Any advice for improving on RC?

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PotenC
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Any advice for improving on RC?

Postby PotenC » Sun Apr 21, 2013 6:28 pm

After doing about 25 Preptests, I've noticed a clear trend emerging. I'm consistently getting perfect scores on the one logic game and two logic reasoning sections per test, but I'm doing relatively abysmally on the reading comprehension section (-5 per section). Is there anything you guys do to brush up on RC in particular? I've read through the Manhattan LSAT books but to be honest the book for RC was less helpful than the other two. I seem to have particular trouble with the "science" readings as well, probably due to me being a social sciences major.

Thanks in advance!

Mik Ekim
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Joined: Mon Apr 23, 2012 12:06 pm

Re: Any advice for improving on RC?

Postby Mik Ekim » Sun Apr 21, 2013 8:02 pm

hey -- this is mike -- author of the less helpful guide -- let me ask u a question -- what do u think about as you read?

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PotenC
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Re: Any advice for improving on RC?

Postby PotenC » Sun Apr 21, 2013 8:14 pm

Hey Mike,

I guess when I'm reading for pleasure I tend to focus on the details of whatever I'm reading. I've kind of tried to train myself to not do this so much on the LSAT, and read more for structure. I've definitely noticed an improvement after this switch, but passages related to obscure topics still tend to throw me off (case in point, science-related passages). I've noticed that I constantly have to go back and check/double-check explicit references in the passage, which leaves me with less time than I'm comfortable with. I also tend to miss inference questions.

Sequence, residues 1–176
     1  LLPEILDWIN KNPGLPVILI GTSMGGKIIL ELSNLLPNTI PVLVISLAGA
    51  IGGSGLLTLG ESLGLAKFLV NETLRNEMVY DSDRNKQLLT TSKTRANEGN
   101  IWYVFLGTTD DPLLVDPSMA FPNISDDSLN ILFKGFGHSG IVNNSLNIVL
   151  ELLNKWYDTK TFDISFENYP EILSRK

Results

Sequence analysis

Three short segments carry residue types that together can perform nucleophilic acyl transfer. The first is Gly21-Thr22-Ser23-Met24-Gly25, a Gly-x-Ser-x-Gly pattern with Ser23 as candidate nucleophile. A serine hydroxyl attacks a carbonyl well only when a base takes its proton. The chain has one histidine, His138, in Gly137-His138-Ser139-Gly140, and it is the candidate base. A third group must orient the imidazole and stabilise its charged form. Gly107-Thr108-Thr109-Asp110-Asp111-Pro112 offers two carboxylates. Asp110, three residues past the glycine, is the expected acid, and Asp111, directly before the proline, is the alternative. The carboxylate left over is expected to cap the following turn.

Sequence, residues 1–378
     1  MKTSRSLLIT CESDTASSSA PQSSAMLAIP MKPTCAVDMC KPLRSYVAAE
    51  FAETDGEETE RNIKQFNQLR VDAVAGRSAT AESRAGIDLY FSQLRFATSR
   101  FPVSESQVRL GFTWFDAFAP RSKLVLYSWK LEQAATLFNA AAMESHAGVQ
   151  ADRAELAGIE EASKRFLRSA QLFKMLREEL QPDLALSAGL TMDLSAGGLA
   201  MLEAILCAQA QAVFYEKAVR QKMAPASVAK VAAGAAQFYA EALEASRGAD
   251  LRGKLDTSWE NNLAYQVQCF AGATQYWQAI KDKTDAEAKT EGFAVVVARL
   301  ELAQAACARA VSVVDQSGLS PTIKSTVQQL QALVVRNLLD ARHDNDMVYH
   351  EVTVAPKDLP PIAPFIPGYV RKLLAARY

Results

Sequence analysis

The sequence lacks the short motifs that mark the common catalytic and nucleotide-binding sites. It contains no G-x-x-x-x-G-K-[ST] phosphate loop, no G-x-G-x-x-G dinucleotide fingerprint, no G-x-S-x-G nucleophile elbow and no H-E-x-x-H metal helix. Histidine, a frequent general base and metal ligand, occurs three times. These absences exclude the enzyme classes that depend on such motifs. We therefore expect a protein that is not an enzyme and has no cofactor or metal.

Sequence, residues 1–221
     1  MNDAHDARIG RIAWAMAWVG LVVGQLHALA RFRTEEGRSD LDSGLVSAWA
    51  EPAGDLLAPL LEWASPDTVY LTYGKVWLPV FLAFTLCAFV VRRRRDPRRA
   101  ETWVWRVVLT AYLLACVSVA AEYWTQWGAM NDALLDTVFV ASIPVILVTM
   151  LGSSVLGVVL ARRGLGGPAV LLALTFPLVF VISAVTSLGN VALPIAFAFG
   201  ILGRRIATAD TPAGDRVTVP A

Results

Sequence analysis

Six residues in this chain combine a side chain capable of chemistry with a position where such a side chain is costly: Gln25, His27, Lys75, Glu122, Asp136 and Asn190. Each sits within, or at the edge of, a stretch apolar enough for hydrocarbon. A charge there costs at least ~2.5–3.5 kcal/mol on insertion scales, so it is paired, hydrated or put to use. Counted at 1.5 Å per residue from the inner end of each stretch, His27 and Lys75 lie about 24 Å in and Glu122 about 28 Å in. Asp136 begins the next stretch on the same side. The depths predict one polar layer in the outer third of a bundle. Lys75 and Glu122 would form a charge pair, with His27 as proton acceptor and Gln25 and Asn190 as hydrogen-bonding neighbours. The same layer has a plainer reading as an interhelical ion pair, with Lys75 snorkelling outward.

Mik Ekim
Posts: 102
Joined: Mon Apr 23, 2012 12:06 pm

Re: Any advice for improving on RC?

Postby Mik Ekim » Sun Apr 21, 2013 10:19 pm

So, obviously I don't know much about you, but these are the key points that I noticed most --

1) you can consistently go - 0 in LR -- that means you definitely have the reading chops to go - 0 in RC.
2) you write "I've kind of tried to train myself..." -- that means you haven't really done it! you are just working off of natural abilities, and you have not significantly fine-tuned your reading style to match the test.

I would encourage you to make another effort to focus in on the structure of the passages ( :) could you guess I would say that?). Just as you read for conclusion/support in LR, read for the main points (typically two) in rc, and make sure you have a very clear sense of why everything else exists relative to those main points.